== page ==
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The Ultimate Women's Gift List

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File/Getty Images
File/Getty Images

Forget two turtle doves or five golden rings. This holiday season, I'm celebrating contraception, women increasing their ranks in Congress, women stealing the show at the Democratic National Convention and women using a new roadmap to win office (and a partridge in a pear tree). Here are my 12 standout moments for women in 2012, tied up with a bow:

1. Women Win Big: This year, women took their places in the House (and Senate). On a triumphant election night, women increased their ranks in the upper chamber to 20 Senate seats, the most in our country's history. With Senator Patty Murray chairing the Democratic Senatorial Campaign Committee, 10 Democratic women senators earned seats in the Senate, including four elected for the first time.The 2012 Project, an organization with which I'm proud to partner, was a non-partisan campaign of the Center for American Women and Politics with a mission to increase women's representation in Congress to 20 percent. Theirs was a powerful, nonpartisan voice in this election.

2. Open Mouth, Insert Foot: We heard about binders full of women and "legitimate rape." We heard old, white men question the merits of equal pay for equal work for women and the value of access to birth control. Rush Limbaugh called Georgetown law student (now graduate and powerhouse activist) Sandra Fluke a "slut" and "prostitute" for advocating for insurance coverage for birth control. Those comments, and the ill-informed sentiments behind them, mobilized women -- and I'm glad they did. The attacks on women's autonomy resulted in more autonomous women in Congress. Thanks for the publicity, guys.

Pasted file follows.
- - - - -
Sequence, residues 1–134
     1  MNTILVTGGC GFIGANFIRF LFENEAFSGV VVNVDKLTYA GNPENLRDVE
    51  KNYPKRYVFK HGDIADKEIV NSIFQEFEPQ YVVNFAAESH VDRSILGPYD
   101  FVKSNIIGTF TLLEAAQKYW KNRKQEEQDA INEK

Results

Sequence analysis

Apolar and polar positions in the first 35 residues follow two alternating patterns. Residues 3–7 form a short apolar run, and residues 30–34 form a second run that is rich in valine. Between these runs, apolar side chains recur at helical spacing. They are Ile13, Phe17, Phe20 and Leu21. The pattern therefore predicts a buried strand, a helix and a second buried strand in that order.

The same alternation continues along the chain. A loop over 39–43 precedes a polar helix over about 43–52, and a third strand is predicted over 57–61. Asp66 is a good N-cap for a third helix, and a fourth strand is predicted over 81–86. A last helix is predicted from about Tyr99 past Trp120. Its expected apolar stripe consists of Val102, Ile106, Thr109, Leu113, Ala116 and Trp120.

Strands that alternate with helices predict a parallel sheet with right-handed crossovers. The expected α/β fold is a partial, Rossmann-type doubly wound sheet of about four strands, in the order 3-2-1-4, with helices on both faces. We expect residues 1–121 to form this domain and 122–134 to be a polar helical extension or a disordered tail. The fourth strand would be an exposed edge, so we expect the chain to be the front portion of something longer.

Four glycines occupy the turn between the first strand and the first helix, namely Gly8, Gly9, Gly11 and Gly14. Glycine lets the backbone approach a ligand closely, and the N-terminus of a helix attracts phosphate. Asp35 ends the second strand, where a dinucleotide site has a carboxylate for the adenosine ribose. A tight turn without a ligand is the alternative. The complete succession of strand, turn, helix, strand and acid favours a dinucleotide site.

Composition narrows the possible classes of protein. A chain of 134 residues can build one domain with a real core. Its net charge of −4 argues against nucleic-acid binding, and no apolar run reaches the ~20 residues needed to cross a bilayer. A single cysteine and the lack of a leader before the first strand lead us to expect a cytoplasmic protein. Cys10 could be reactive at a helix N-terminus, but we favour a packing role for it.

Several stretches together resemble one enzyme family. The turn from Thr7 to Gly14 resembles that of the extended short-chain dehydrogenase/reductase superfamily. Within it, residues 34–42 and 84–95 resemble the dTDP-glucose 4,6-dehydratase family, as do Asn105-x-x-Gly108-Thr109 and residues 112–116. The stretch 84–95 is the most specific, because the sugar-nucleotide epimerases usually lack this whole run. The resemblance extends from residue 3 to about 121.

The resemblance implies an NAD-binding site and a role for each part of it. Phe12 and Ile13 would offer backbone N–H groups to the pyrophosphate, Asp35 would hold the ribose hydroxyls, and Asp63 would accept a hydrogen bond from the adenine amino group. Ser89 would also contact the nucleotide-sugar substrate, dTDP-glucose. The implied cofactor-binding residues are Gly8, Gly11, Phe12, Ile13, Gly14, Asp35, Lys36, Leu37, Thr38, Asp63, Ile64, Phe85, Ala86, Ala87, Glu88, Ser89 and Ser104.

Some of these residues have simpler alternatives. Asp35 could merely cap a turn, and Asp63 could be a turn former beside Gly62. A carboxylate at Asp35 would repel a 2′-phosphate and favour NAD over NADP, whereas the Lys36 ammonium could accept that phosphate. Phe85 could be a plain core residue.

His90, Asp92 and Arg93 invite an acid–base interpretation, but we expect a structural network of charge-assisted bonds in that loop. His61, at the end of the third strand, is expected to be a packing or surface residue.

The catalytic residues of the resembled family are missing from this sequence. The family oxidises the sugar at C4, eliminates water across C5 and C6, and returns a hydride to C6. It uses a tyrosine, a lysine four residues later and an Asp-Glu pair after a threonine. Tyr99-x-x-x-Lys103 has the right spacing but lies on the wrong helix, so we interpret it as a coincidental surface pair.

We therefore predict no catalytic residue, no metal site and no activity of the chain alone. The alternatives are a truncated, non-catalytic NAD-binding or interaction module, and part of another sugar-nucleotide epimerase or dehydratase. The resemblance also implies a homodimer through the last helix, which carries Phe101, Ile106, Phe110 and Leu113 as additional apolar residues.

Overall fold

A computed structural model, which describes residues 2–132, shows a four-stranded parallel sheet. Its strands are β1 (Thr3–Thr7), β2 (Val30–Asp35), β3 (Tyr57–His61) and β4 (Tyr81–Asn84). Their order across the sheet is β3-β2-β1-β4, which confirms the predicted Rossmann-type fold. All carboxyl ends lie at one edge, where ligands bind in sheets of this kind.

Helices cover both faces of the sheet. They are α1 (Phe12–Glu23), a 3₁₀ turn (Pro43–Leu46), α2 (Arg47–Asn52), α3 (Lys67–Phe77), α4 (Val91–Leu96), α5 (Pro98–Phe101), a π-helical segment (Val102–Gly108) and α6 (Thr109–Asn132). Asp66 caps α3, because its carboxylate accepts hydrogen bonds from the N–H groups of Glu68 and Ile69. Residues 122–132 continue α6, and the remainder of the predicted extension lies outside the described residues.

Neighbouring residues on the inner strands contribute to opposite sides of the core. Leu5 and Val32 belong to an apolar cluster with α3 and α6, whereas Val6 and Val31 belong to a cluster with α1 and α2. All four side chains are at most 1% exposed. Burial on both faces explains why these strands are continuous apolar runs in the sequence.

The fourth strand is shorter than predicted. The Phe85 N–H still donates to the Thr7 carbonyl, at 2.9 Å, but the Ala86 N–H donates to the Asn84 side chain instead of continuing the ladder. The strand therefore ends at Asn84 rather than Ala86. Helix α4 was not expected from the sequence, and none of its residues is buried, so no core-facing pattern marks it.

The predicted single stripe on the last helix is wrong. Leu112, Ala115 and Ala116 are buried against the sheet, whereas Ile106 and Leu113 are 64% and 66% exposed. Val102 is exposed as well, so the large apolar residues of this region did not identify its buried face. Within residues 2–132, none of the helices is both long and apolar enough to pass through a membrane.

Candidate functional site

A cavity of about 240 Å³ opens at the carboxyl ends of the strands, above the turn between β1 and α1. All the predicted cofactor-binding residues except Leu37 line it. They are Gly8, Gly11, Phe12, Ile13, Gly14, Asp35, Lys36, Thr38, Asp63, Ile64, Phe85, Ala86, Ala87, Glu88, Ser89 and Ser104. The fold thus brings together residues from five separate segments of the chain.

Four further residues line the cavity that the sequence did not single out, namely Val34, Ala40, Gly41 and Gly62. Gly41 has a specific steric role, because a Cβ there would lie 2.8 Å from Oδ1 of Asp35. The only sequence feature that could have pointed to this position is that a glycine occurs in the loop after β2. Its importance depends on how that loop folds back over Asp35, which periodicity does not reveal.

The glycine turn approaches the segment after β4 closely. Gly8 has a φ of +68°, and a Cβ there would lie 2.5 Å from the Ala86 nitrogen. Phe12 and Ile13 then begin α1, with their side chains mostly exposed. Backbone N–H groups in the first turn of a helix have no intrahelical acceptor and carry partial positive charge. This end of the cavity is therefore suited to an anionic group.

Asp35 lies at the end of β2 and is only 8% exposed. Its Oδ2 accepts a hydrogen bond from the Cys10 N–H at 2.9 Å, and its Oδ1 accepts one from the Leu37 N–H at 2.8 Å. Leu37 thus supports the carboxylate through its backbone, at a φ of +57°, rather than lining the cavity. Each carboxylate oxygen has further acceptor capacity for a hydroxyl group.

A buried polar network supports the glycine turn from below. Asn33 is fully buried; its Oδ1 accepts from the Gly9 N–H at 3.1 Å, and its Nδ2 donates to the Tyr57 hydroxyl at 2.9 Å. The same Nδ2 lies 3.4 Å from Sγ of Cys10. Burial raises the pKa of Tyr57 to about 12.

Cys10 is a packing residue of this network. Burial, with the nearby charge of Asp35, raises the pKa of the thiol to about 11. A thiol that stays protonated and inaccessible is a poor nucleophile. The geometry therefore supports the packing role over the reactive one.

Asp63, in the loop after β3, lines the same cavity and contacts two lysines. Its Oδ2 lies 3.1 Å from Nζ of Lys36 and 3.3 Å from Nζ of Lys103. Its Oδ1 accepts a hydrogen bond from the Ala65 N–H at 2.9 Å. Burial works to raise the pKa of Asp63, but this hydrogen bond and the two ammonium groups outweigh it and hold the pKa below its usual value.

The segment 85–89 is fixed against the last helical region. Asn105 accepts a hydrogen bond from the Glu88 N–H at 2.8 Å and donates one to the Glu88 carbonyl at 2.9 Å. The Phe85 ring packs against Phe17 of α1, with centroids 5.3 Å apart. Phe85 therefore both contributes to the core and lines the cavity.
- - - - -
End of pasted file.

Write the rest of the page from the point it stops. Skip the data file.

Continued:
3. Women Steal the Show at the DNC: As I wrote in a September Huffington Post column, women took their rightful place on the Democratic National Convention stage -- and they knocked it out of the park. One of the most vocal "Nuns on the Bus"Sister Simone Campbell, got a hearty "Amen, sister" for her measured and meaningful speech. Elizabeth Warren, now the first woman to hold the title U.S. Senator-elect in Massachusetts, proved that her strong message of fighting for fairness for the middle class is not simply a political talking point -- it is her mantra and her life's work. And First Lady Michelle Obama used her genuine warmth and wit to connect with voters and viewers.

4. New Hampshire Makes History: This election was a milestone for the granite state: New Hampshire's corner office and entire bipartisan Congressional delegation, including its two Senators, will be all women. Maggie Hassan's win is a groundbreaking victory for New Hampshire and for women. Governor-elect Hassan will be the only Democratic, pro-choice woman Governor anywhere in the country, and I am proud to be her strong supporter. Live free or die, indeed.

5. Planned Parenthood Takes to the Web and Wins: When the Susan G. Komen for the Cure Foundation cut $680,000 in grants for breast cancer screenings at Planned Parenthood facilities, Planned Parenthood supporters took to the web in droves -- and they won. Within a week of the announcement, more than 1.3 million Tweets mentioned the foundation, Planned Parenthood, and related hashtags. The foundation did a quick about-face and restored Planned Parenthoods' eligibility for grants. For telling a fundraising juggernaut like Komen for the Cure to take politics out of women's access to healthcare, Planned Parenthood supporters earn a spot on this list of gifts.